December 16, 2019 / 6:55 AM / a month ago

Factbox: How China tariffs on U.S. commodities, energy stand after 'phase one' trade deal

BEIJING/SINGAPORE (Reuters) - China and the United States have agreed terms of a “phase one” trade deal under which Washington reduced some tariffs and Beijing canceled retaliatory duties that were previously scheduled to take effect on Dec. 15.

FILE PHOTO: Crude oil storage tanks are seen from above at the Cushing oil hub, in Cushing, Oklahoma, March 24, 2016. REUTERS/Nick Oxford

Before Sunday’s deal, U.S. corn, sorghum, wheat, undenatured ethanol, and refined copper cathodes had faced an additional tariff of 10% an imports into China. Propane, cotton, aluminum scrap, copper scrap and rare earth magnets were all set for an additional 5% duty.

Below is a list and timeline showing how China’s tariffs on key U.S. commodities and energy items stand after the “phase one” accord.

Crude oil

Beijing imposed a 5% tariff on U.S. crude oil shipments from Sept. 1, the first time U.S. oil had been targeted since the trade war between the world’s top two economies started more than a year ago. The 5% tariff was not affected by Sunday’s deal.

China, the world’s biggest crude importer, has sharply lowered U.S. shipments from a record high hit last year. Chinese customs data showed imports in the first 10 months were halved year-on-year to 146,275 barrels per day.

Propane

China removed an additional 5% tariff on U.S. propane shipments which was set to take effect from Dec. 1. A 25% duty that Beijing imposed on U.S. propane on Aug. 23, 2018 remains in place.

Chinese firms process U.S. propane into petrochemicals such as propylene. Imports last year were worth an estimated $2 billion.

Liquefied natural gas (LNG)

China imposed a 10% punitive tariff on U.S. LNG shipments in September 2018, raising it to 25% in June. LNG duties were not affected by Sunday’s deal.

Imports of the super-chilled fuel in the first 10 months of 2019 shrank 87.2% on the year to 258,955 tonnes, according to Chinese customs.

Methanol, ethylene glycol (MEG)

China imposed tariffs of 25% on U.S. methanol and MEG in June this year. These were not affected by Sunday’s deal.

Soybeans

No additional duty had been scheduled to come into effect on Dec. 15.

A 25% tariff on soybeans in July 2018 had halted all buying by commercial buyers, but Chinese crushers went back to the U.S. market following a trade truce leaders in the two countries agreed in December last year. An additional 5% duty came into effect in September. The Chinese government has given tariff exemptions to some U.S. soybean imports.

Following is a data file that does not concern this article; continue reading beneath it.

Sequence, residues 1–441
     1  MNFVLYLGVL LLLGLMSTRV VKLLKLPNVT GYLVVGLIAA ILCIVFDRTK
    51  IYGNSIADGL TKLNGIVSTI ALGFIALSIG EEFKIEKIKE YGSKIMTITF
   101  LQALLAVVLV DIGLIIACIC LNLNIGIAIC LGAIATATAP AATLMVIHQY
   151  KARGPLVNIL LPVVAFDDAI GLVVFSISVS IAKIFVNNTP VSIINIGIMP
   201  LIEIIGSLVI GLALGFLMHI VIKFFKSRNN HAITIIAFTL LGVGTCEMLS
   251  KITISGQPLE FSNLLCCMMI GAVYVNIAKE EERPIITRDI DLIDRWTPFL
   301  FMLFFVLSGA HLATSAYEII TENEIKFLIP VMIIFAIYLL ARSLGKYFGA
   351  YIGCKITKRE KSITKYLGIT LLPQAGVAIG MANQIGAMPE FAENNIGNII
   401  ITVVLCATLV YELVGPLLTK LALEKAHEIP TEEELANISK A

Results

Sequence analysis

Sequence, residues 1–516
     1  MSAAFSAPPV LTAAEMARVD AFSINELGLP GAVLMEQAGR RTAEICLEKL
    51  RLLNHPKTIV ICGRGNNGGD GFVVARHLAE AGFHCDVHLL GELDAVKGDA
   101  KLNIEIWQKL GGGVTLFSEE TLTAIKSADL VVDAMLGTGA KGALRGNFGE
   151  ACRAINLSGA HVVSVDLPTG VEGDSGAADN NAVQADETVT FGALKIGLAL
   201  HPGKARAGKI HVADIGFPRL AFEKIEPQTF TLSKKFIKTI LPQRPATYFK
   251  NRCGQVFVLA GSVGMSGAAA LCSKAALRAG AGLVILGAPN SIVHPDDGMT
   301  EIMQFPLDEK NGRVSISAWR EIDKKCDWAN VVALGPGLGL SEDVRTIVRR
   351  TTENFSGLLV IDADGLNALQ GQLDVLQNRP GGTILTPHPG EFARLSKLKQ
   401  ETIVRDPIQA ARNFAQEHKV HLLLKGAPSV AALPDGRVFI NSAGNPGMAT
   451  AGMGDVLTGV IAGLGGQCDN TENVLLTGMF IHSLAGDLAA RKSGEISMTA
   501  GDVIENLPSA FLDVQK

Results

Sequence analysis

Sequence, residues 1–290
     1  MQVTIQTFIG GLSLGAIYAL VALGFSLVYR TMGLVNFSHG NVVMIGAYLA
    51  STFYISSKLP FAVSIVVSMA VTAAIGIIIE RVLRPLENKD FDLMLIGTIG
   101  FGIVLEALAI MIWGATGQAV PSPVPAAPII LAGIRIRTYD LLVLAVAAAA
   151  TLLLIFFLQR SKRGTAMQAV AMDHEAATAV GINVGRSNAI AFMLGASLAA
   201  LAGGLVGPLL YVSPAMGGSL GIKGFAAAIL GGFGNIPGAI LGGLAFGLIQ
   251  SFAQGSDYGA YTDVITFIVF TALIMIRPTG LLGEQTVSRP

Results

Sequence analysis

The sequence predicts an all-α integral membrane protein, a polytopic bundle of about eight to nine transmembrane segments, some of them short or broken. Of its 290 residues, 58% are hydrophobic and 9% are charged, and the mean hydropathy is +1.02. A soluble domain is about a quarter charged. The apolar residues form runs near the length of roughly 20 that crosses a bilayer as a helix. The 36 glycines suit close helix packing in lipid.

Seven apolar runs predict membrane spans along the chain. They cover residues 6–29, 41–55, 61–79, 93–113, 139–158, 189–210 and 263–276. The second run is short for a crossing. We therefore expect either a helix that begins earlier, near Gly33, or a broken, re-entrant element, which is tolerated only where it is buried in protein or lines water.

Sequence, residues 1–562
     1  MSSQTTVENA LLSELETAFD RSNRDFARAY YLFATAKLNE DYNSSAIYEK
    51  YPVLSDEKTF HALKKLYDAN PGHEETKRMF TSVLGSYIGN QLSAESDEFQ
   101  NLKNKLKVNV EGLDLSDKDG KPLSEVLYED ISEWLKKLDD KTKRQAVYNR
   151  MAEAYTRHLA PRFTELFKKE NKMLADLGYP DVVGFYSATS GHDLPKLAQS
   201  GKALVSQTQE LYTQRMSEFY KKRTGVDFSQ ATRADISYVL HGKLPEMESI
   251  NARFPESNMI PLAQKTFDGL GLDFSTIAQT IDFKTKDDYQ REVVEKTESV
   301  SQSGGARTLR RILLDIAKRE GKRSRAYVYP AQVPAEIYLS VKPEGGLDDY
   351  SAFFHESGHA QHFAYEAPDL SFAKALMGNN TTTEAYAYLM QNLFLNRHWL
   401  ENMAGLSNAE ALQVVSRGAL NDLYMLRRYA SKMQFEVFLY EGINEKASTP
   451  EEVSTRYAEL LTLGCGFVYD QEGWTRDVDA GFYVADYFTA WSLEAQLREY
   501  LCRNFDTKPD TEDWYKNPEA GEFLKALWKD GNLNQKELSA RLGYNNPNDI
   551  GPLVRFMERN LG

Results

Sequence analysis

China bought 11.3 million tonnes of soybeans from the United States in January-October, down 31.8% from last year. U.S. has sold at least another 1.5 million tonnes of beans to Chinese crushers since early November

Pork

American pork faces total import duties of 72% after including the 12% ‘most-favoured nation’ tariff. These duties were not changed in Sunday’s deal, but Beijing is expected to boost U.S. meat imports into China, where a severe African swine fever disease has decimated the world’s largest pig herd and sent domestic pork prices soaring to record levels.

Scrap metal

An additional duty of 5% on U.S. aluminum scrap, which was to go into effect on Dec. 15, has been canceled. The material was already affected by an initial 25% tariff in April 2018, following by another 25% hike in August 2018.

Shipments to China were down only 17.3% year-on-year in the first 10 months of 2019, but those of U.S. scrap copper, subject to a 25% tariff since August 2018, crashed by 76.6% over the same period.

Rare earths

Beijing, which this year raised the prospect of restricting rare earth exports to the United States but has not announced any formal measures, removed the extra 5% tariff on imports of U.S. permanent rare earth magnets from December as part of the phase-one deal. There has been a 25% tariff on U.S. rare earth ore imports since June 2019.

Reporting by Chen Aizhu, Muyu Xu, Dominique Patton, Tom Daly, Shivani Singh and Hallie Gu; Editing by Kenneth Maxwell

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